New study suggests brain glitch may cause OCD

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HARTFORD – Scientists may be a step closer to having a good target for drugs that could treat at least some cases of the misery-rendering malady of obsessive-compulsive disorder, according to health.com.

A new study in the journal Biological Psychiatry finds that when a certain receptor in the brain goes into warp overdrive, it causes symptoms in mice that look a lot like OCD in humans: The rodents can’t stop licking and grooming themselves. They also showed signs of anxiety. What’s more, when the researchers took the receptor activity back down to normal levels, the OCD behavior went away in minutes.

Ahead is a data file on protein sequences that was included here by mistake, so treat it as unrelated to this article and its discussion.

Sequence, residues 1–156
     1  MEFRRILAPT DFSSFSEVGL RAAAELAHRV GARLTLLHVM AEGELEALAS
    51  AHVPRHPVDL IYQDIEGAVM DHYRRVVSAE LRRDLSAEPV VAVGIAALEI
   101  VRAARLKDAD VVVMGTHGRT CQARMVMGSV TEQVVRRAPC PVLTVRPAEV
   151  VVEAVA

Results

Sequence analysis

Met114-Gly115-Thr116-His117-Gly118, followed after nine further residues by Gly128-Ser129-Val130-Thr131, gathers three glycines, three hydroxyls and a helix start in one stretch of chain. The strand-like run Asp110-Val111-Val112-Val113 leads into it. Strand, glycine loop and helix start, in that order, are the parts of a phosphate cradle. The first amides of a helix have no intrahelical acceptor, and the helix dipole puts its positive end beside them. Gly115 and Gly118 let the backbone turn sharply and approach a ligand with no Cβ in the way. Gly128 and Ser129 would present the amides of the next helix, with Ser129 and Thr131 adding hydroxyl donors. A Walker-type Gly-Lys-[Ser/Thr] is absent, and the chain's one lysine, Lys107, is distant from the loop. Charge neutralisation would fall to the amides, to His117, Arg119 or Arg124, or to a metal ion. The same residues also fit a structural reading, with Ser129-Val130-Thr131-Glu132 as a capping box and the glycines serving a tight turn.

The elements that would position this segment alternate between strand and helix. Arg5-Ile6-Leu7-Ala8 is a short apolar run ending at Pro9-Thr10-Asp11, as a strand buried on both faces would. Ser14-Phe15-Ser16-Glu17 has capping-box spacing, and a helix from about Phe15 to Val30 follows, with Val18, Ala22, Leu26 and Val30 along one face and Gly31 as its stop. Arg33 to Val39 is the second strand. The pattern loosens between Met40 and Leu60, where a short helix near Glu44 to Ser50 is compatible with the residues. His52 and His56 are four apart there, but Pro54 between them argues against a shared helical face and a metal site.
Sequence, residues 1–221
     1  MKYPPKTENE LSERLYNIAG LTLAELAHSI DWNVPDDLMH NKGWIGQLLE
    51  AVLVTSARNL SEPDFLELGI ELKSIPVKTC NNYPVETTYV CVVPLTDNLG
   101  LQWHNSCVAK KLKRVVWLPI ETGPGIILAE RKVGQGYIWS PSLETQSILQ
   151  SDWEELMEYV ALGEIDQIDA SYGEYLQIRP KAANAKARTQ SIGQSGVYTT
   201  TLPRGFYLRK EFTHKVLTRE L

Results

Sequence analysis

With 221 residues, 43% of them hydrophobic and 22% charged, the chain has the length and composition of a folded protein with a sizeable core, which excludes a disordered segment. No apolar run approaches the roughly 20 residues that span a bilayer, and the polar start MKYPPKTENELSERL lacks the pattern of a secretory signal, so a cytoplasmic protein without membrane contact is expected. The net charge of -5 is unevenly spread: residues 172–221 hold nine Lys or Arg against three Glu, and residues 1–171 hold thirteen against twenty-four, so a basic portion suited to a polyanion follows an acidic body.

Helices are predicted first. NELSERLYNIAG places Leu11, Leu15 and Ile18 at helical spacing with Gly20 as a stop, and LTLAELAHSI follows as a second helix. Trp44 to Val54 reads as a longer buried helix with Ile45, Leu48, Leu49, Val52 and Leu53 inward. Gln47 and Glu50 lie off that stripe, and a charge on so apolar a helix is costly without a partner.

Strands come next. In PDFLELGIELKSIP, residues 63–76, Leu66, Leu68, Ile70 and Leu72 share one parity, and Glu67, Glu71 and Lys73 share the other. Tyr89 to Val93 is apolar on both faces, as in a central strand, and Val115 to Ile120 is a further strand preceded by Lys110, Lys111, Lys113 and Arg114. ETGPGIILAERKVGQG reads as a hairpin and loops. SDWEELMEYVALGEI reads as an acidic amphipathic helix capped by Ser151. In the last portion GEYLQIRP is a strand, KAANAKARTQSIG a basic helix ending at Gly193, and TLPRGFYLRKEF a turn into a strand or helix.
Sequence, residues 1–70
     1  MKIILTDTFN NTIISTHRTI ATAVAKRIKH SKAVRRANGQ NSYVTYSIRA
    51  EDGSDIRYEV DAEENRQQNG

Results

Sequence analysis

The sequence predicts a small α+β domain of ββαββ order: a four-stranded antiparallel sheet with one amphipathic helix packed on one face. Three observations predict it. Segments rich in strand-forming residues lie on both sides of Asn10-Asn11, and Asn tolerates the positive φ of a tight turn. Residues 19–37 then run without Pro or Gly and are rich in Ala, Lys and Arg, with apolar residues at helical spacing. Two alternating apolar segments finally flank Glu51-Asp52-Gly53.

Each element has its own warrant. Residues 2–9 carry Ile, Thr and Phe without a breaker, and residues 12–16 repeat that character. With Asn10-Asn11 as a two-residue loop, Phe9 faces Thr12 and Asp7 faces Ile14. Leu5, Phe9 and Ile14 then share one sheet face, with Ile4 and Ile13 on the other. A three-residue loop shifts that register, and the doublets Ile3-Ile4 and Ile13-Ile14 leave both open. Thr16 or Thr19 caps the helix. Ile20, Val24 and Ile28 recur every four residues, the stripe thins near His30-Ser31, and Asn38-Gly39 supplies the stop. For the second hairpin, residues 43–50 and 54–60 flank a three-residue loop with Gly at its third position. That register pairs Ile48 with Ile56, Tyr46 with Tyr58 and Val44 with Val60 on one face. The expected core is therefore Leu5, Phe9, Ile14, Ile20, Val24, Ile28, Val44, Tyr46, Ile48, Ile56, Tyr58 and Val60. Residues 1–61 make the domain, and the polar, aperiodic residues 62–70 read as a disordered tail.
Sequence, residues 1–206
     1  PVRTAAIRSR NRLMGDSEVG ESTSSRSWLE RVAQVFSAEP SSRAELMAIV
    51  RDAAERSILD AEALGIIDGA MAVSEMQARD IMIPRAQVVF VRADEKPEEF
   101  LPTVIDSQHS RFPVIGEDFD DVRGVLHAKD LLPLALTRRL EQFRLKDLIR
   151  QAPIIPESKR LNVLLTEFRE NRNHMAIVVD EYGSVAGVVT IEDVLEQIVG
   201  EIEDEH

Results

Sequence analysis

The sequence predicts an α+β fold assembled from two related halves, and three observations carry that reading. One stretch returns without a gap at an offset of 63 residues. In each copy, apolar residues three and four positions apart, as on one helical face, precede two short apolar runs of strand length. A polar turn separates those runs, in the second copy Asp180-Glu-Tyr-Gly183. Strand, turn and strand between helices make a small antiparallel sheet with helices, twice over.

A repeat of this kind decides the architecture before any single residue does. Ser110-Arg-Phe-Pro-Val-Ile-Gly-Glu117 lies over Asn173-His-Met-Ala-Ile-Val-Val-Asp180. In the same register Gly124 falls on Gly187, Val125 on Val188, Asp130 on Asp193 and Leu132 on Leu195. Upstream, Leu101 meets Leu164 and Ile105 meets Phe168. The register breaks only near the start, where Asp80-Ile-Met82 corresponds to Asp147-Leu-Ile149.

“[This] raises the possibility that this receptor and its signaling pathway in the brain may have a role in people with compulsive behavioral problems,” said senior author Nicole Calakos, MD, PhD, associate professor of neurology and neurobiology at Duke University Medical Center in Durham, North Carolina. “A really important next step is finding just which people and just which problem.”

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